When there hasn’t been a big blowout, a fight through tears followed by a “never hit me up ever again,” how do we know that a friendship is over? Sure, we grow apart as we get older and our priorities change, even just as we make new friends that we feel closer to, but does that mean that the relationship has ended?
We’ve been trying to think critically about the ways in which friendships over the years have ended, in order to find something that points to how we should properly end things with those we no longer have the same love for. But we’re not sure any of us has ever done it. Most recently, one of us just stopped responding in the middle of an argument because she was tired of trying to patch things up after all was said and done. And maybe it worked, but it feels wrong to know that it might have left the other person confused about what went wrong, even though it was so clear to us.
So when it comes to fights, ones that make you think about whether or not this friendship is worth the pain, we may just have to make the decision. Is it worth it? We can’t tell you how to decide, but here are some questions to ask yourself through it:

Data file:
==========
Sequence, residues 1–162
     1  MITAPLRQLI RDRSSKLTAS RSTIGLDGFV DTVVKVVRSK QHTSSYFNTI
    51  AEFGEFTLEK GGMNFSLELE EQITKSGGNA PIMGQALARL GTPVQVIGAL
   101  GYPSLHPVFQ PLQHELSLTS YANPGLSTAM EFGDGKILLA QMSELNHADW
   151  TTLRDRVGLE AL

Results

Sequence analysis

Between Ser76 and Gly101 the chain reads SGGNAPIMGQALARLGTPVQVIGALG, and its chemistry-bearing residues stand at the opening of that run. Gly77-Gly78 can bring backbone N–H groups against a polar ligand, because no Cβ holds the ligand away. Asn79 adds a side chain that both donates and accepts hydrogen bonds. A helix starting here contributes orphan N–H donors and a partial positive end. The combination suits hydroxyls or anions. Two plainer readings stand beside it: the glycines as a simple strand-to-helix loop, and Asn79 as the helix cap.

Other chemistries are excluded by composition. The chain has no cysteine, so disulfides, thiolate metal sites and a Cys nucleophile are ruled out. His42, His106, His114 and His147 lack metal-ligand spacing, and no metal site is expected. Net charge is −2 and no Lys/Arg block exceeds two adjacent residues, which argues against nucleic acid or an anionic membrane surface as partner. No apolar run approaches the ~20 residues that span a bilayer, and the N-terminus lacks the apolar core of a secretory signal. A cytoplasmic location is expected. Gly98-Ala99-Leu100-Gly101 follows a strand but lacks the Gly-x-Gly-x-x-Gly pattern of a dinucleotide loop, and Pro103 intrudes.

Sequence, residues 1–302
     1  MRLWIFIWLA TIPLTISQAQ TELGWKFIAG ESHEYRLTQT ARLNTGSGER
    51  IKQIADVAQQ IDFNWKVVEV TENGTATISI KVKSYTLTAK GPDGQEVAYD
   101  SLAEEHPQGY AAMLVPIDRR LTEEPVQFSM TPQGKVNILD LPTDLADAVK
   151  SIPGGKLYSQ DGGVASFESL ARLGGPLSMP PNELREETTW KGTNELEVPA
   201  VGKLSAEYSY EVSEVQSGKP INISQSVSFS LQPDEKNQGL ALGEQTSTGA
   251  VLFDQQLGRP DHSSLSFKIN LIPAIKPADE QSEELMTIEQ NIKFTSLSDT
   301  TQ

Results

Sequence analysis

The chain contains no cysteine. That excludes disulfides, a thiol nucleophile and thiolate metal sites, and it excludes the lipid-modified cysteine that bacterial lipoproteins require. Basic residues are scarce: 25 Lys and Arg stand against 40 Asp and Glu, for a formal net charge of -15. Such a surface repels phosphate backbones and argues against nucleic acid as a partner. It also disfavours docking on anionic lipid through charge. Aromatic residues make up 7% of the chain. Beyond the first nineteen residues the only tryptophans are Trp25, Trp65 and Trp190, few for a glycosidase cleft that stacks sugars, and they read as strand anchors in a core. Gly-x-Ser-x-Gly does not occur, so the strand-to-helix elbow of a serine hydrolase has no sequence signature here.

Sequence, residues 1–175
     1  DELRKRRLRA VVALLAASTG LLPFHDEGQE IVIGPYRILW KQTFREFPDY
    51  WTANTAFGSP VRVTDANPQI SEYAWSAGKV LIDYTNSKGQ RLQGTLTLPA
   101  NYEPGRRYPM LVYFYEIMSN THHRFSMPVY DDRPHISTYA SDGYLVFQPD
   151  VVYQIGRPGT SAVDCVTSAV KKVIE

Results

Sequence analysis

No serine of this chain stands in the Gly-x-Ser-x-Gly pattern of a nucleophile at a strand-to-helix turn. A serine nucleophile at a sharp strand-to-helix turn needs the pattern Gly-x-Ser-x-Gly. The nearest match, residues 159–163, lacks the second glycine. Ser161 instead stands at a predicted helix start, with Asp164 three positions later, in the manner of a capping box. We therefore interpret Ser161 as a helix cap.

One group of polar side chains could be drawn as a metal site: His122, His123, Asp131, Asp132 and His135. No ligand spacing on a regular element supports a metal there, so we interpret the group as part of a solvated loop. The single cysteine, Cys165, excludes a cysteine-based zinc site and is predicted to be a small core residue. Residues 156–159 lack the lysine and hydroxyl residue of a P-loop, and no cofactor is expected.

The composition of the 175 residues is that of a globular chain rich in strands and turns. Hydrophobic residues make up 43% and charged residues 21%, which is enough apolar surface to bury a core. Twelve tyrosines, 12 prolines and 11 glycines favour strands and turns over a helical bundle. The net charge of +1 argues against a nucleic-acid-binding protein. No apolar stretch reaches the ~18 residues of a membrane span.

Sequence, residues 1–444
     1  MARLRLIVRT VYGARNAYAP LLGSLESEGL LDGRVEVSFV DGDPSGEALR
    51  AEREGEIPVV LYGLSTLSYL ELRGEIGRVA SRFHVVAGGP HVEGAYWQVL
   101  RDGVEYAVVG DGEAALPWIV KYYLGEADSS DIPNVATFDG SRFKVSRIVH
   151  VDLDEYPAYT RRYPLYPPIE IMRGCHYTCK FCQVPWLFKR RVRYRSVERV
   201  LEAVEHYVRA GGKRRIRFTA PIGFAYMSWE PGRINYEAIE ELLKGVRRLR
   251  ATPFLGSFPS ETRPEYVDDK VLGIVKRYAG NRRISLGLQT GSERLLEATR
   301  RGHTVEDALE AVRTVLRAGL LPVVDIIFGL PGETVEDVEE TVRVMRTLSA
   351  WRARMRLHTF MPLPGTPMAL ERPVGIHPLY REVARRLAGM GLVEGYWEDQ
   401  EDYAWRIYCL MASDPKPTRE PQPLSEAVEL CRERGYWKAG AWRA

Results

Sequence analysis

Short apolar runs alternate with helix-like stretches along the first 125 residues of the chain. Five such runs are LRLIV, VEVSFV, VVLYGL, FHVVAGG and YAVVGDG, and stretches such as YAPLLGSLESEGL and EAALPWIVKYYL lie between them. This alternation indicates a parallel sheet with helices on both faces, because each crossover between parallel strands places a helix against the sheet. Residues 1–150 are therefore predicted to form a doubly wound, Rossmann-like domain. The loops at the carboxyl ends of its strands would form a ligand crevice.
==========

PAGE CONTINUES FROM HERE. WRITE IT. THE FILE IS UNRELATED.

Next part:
- Is this a pattern? If so, what is it based on? Is there any end in sight?
- Do you feel guilty about bringing up issues? If so, why?
- What kind of response does this friend have to communicate about things going wrong?
- Is this friendship causing you more harm than good?
It’s hard to come to terms with the fact that your friendship is bringing more pain than happiness, but in the end, wouldn’t you be more at peace with the closing of a chapter than an unfinished page?
With friendships that grow apart, if you want to keep it going, just tell the person. It feels better to know that your friend may be a little all over the place and hasn’t been able to get back to you than wondering if they simply don’t care anymore. We’ve had friends that we see every couple of years, and don’t talk to much more than that, but catching up feels like we’re still on the same page. If you get the opportunity to catch up and things just don’t match up anymore, that’s okay.
It’s normal for people to change, and it’s not your fault for growing in separate directions. That’s one of the most important things to remember in these cases, where there’s no set end date. More importantly, communication goes both ways, and if both parties make this sort of silent acknowledgement that they’re just not as close anymore and don’t need to be, it can be laid to rest. You’re not at fault for not doing everything possible to make friendships work, and if things end because of that, it’s okay to grieve the friendship that once was, and move forward.